Women, Islamisms and the State: Contemporary Feminisms in Egypt
||Women Islamisms And The State|
||Azza M. Karam|
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WOMEN ISLAMISMS AND THE STATE – Book Sample
Conclusion: Feminism, Islamisms and the State. Or: The Power of Feminisms
The journey I started, to explore the interaction between feminisms, Islamisms and the state in Egypt, has taken me among Islamist men and women activists, secular and Muslim women activists, a variety of laws and debates, and different struggles for power and hegemony.
I highlighted and analysed the power struggles between the state, with its personalized nature, and Islamists in their diversity, through the perceptions of diverse Egyptian feminists. Above all, this has been a joumey that has given prevalence to and emphasized diverse Egyptian feminisms.
I have found the most frustrating aspect in the writing of this research to be the inability to bring out all the feminist voices. Ultimately, the women I bring out here are only a fraction of the many, many feminists for whom the struggles for women’s rights are a defining aspect of their lives. And whose endeavours, both daily and long-term, have shaped, and continue to shape, much of the dynamics of hegemonic power plays.
The most enriching aspect of this project has been meeting these women again and again in the text and renewing my knowledge of them and their discourses throughout. Above all, I am fortified by being able to identify the diversity of women’s struggles, and to understand that feminisms are all the better for their differences. Both the researcher and activist aspects of me have gained in know ledge, insight and understanding.
The journey of fieldwork and writing has also meant contrasting the different textual validities of representation and discourse respectively. What the different feminists have to say about Islamism, state and feminism was presented by situating and comparing their words.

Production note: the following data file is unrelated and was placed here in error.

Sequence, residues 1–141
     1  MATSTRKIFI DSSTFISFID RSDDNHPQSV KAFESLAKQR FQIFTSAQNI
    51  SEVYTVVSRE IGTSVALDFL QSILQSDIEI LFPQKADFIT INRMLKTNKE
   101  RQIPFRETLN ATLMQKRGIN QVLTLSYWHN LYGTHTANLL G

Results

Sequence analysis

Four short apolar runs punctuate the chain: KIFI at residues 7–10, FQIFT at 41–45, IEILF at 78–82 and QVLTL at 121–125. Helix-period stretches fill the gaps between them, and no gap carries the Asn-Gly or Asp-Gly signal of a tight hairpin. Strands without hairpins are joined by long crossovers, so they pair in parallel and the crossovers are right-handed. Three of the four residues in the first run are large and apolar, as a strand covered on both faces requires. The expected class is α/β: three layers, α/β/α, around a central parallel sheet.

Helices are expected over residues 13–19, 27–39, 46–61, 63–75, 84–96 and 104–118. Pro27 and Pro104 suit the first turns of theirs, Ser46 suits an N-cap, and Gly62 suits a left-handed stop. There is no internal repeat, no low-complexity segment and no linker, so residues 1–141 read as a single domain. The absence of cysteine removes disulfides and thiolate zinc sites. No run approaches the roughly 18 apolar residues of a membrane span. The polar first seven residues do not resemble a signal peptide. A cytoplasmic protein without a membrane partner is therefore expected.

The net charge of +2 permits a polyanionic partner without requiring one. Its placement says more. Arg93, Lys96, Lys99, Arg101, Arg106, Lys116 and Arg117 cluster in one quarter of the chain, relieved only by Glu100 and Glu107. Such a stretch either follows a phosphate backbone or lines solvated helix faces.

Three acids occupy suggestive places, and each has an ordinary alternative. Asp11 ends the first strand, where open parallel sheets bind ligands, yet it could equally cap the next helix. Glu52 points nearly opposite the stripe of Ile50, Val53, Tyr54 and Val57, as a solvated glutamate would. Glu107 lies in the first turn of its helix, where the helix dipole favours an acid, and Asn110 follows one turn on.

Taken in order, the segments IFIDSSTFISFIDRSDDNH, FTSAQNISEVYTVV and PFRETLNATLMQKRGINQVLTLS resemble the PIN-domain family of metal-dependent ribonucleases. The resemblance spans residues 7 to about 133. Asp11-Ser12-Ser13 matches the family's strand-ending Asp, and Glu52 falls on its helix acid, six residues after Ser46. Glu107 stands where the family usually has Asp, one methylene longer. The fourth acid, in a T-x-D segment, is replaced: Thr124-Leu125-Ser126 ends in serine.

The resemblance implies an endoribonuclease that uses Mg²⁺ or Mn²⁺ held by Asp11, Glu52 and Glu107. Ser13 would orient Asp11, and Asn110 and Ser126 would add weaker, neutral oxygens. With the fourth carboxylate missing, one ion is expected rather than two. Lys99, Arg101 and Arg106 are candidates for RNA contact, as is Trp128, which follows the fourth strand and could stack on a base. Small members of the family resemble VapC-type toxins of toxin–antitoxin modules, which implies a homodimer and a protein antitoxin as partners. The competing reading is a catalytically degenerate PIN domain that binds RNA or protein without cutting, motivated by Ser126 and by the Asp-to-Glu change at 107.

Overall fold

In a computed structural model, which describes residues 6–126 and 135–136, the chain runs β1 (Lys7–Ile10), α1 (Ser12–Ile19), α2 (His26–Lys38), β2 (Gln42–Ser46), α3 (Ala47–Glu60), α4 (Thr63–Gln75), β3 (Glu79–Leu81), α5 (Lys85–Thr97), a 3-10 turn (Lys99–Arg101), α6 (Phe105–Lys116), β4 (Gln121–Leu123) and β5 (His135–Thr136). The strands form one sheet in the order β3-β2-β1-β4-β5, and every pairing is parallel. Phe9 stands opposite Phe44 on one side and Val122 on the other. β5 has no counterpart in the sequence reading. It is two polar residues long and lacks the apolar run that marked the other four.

In the following pages, I summarize the salient aspects of the power dynamics between Islamisms, feminisms and the state.
it must be said that as a conclusion, it is quite a difficult chapter to write. For how can one conclude on issues that are still to this very moment relevant and ongoing dynamics? How does one sum up over 20 years of currently highly pertinent and very crucial activism? Yet I have attempted to capture a moment in the midst of these power dynamics which are constantly shifting.
The first section, therefore, maps out the different dynamics of feminisms, Islamisms and the state, primarily in terms of their relevance to and effects on the power of Egyptian feminisms. I identify the main aspects of the different Egyptian feminisms surveyed herein; briefly examine the Islamist-state dynamics; recapitulate the different Islamist viewpoints on gender relations and the ensuing feminist reactions and/or interventions. in the second section I argue for an Egyptian feminist politics of differ ence. And in the third and final section of this chapter I briefly present other possible avenues of research.
FEMINISMS – TOGETHER YET APART
By working with a postmodern definition of feminism which is based on cultural and historical specificities, as well as localization and pluri-vocality, this research has identified three main feminist streams in Egypt: secular, Islamist and Muslim.
These different feminisms remain very much within the upper and middle classes, though the Islamist streams have a potentially larger audience, owing to Islamist use of a hegemonic language of Islam, coupled with different forms of activisms that Islamism itself advocates among all social and eco nomic classes.
The term feminism has functioned as an identification technique to map out all the women who acknowledge that women are oppressed by different means and in many ways, and who actively seek to rectify this injustice by diverse methods. Though they generally rarely referred to themselves as feminists – and some strongly opposed the term – it is important to highlight the feminist consciousness these different women represented. Within each stream diversity and con textual specifici(y are represented by the different articulations of opinions.
Nevertheless, I also tried to generalize some of their aspects in order to analyse the larger power dynamics between Islamist thought, feminist activisms and state laws.
At one end of the political spectrum is secular feminism represented by the Tajammu’ Pıırty and the New Woman Research Centre (NWRC). Both cali for total equality between the sexes, attempt to ground their ideas on women’s rights outside religious frameworks and unanimously perceive Islamism as enemy No. 1, and the state as
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